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Off to the Races

In the spirit of today's Kentucky Derby, here's several demonstrations of "horsepower"


The Kentucky Derby is one of the most prestigious horse races in the world and, over the years, it has produced some truly legendary winners. Racing has done the same thing for automobiles in a similar fashion, not to mention special cars are celebrated for their timeless design and winning performance. If we were to list five famous Kentucky Derby winners, what would be their automotive alter-egos? Let’s observe these famous horse(power) winners.

Richard Attwood drives a Ford GT40 in the 1966 Archie Scott-Brown Memorial race at the the BRSCC Snetterton Meeting.| Snetterson photo
  • Secretariat – Ford GT40: Secretariat is widely considered to be the greatest racehorse of all time, and his dominance on the track is reminiscent of the Ford GT40’s dominance in the 1960s. The GT40 won the 24 Hours of Le Mans four times in a row, from 1966 to 1969, and its sleek design and impressive outmaneuvering of Ferrari make it a legend that continues to resonate today.
Stirling Moss drives a W196 at Goodwood 2009. (Image courtesy of Dave Rook)
  • Citation – Mercedes-Benz W196: Citation was the eighth winner of the Triple Crown (1948) and was the first horse to win $1 million. Similarly, the Mercedes-Benz W196 was a force in Formula One racing several years later. Paired with legendary drivers Juan Manuel Fangio and Stirling Moss, the W196’s advanced engineering made it a game-changer in the racing world.
  • Seattle Slew – Porsche 917: Seattle Slew became the tenth winner the Triple Crown in 1977, despite being considered a runt of sorts in his youth. That’s a history not unlike the Porsche 917, which started out uncompetitive but, with marginal improvements, achieved wins at 24 Hours of Le Mans in 1970 and 1971. Its powerful flat-12 and sleek design continue to elicit wide-eyed admiration.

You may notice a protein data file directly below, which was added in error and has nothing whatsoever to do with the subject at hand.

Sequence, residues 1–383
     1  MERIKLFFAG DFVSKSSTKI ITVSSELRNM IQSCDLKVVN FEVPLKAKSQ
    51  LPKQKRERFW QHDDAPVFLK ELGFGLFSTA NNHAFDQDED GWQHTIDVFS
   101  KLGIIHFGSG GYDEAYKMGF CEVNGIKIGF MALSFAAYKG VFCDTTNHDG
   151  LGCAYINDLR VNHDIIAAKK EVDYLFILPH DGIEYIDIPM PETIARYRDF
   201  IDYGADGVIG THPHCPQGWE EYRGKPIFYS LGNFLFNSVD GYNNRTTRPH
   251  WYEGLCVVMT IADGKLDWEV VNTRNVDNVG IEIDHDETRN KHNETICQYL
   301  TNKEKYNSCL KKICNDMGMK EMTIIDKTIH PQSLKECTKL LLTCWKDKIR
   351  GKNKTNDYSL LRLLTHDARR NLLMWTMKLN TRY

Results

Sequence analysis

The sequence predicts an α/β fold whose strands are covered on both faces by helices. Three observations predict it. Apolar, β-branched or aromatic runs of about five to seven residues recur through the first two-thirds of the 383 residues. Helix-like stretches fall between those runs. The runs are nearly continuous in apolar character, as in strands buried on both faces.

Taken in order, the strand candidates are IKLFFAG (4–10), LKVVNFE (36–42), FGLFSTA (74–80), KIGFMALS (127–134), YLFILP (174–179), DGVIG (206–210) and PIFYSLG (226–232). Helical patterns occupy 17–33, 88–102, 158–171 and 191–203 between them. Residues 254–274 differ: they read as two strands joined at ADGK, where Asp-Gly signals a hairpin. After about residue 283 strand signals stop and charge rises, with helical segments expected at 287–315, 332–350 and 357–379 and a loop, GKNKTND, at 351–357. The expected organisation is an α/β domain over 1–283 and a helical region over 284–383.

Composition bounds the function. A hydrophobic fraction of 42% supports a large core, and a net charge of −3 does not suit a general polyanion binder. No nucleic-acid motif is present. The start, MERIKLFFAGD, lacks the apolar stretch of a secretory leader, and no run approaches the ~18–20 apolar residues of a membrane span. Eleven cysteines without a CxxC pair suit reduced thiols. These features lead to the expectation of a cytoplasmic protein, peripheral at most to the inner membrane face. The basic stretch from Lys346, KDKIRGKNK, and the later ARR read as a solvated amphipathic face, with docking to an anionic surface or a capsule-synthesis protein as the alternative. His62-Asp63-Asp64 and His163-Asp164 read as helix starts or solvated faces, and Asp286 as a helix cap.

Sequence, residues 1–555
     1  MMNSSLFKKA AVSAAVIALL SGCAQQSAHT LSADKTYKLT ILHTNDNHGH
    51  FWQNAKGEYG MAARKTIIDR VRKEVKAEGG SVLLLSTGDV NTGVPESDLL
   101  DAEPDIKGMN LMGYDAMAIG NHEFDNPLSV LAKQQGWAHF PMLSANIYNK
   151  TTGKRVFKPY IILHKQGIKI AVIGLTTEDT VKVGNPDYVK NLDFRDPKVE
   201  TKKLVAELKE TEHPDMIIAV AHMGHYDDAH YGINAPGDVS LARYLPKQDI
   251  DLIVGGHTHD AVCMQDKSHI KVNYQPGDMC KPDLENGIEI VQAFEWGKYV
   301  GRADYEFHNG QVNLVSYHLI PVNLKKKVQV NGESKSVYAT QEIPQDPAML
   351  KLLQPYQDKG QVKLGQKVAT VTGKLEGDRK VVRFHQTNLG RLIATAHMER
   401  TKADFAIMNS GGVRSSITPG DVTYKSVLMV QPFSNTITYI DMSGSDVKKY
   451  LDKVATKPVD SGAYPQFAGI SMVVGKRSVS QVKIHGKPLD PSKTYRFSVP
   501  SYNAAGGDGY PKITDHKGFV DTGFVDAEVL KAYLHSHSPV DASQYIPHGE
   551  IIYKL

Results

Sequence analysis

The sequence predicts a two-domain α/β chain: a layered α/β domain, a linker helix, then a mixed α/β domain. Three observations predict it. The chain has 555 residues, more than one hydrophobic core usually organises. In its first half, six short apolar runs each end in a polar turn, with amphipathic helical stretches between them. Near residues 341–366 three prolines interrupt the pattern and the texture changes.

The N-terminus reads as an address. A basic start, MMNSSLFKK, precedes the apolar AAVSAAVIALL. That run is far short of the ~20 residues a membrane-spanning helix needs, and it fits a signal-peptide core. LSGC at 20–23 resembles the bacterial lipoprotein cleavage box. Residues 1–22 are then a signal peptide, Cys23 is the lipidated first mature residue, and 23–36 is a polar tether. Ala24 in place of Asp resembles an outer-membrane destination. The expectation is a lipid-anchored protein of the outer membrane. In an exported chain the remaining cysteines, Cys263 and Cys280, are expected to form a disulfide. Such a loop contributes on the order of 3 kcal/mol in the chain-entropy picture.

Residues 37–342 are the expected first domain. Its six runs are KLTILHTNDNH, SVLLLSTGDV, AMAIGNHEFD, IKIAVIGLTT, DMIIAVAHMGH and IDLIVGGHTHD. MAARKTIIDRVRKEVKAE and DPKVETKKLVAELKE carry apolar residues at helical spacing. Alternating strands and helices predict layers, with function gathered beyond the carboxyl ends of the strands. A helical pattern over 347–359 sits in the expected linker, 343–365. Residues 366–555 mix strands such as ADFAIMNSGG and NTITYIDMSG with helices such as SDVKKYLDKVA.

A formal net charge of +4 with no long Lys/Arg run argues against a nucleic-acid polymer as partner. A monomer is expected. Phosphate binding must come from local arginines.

• American Pharoah – McLaren F1: American Pharoah, a horse of good conformation early in life, won the Breeders’ Cup Classic and Triple Crown in 2015, becoming the first horse to achieve the latter in 37 years. Similarly, the 1992-98 McLaren F1 had good bones and blood from its inception, with the naturally aspirated car achieving a top speed of 240 mph to make it the fastest car in the world at the time. Rarity and raising the bar is why the F1continues to be legendary.
  • War Admiral – Alfa Romeo 8C: In 1937, War Admiral became the fourth winner of the Triple Crown. His slightly smaller size contributed to his speed and agility, making him him a favorite among the thoroughbred crowd. The Alfa Romeo 8C comes off as his automotive compatriot, a 1930s race and road car that could outrace more substantial machinery. One 8C variant even became the first single-seat Grand Prix racer ever.   

Can you horse(power) fans come up with more pairings?

Diego Rosenberg
Diego Rosenberg
Lead Writer Diego Rosenberg is a native of Wilmington, Delaware and Princeton, New Jersey, giving him plenty of exposure to the charms of Carlisle and Englishtown. Though his first love is Citroen, he fell for muscle cars after being seduced by 1950s finned flyers—in fact, he’s written two books on American muscle. But please don’t think there is a strong American bias because foreign weirdness is never far from his heart. With a penchant for underground music from the 1960-70s, Diego and his family reside in metropolitan Phoenix.


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